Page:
A Fixer from Tottenham wants to bring people of different generations and cultures together to discuss identity and what it means to be British.
Twenty-five-year-old Linda Gyamfi, who was born in the UK to parents from Ghana, hopes to encourage communities to talk openly about cultural differences.
Her story was broadcast on ITV News London on Thursday 9th January.
‘I describe myself as British-born Ghanaian,’ says Linda.
‘There are many cultural conflicts that people from a migrant background can face.
‘I would like to hold a series of discussions bringing together members of the community because I don’t believe there is much of a platform out there for it.’
In the broadcast film Linda conducts a focus group with participants from different cultural backgrounds.
They discuss the challenges that they feel first and second-generation immigrants living in the UK can face.
They acknowledge that conflicts can also arise between second-generation immigrants and their parents if they disagree on certain cultural practices.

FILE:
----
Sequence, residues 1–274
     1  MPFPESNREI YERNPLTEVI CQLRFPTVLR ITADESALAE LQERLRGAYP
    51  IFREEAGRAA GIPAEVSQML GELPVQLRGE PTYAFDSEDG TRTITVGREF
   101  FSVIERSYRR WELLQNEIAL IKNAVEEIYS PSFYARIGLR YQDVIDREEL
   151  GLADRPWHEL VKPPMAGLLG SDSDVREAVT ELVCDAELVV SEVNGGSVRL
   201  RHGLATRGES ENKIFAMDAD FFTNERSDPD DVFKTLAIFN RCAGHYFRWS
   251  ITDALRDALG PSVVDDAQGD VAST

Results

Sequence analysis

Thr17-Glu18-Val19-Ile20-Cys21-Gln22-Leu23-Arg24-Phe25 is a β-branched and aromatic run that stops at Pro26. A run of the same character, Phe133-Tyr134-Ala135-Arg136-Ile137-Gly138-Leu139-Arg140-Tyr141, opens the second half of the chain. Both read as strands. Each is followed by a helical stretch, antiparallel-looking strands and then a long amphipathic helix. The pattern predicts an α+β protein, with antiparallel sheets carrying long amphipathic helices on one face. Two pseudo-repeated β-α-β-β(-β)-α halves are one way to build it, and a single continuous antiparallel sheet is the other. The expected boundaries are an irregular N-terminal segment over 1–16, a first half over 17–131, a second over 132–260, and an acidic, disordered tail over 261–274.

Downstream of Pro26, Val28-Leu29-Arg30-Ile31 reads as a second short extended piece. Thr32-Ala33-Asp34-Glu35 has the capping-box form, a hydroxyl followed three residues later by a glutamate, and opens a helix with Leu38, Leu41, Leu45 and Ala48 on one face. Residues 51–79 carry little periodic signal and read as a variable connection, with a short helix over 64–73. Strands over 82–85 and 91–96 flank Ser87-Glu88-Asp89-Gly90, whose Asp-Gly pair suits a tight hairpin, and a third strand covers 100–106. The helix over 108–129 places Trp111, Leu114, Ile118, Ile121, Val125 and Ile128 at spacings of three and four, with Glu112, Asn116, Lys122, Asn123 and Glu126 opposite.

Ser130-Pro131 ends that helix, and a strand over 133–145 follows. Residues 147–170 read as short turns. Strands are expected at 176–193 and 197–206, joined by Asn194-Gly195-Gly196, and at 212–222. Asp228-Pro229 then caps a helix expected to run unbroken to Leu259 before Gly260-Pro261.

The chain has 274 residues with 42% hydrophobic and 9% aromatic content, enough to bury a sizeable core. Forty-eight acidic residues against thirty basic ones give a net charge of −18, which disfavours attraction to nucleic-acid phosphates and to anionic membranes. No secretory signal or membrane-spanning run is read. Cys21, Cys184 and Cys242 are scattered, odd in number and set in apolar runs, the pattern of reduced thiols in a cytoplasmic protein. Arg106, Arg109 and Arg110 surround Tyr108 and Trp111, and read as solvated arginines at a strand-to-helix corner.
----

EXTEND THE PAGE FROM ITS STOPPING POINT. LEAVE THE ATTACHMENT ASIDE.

As an example, Tamanna Miah (20) raises the issue of arranged marriages:
‘Young girls can get taken away on family holidays and married to cousins and given away with a dowry.’
Dr Tracey Reynolds from London South Bank University also appears in the broadcast piece to offer her opinion in support of the campaign.
‘To define British would be quite difficult,’ she says.
‘Some young people feel more comfortable calling themselves a Londoner because London embraces diversity.
‘I think non-white migrants will always keep their hyphenated identities because it’s very difficult to be seen as British if you're not white.’
Linda adds: ‘I really hope my project will unite different communities and generations, bringing them together in one room.’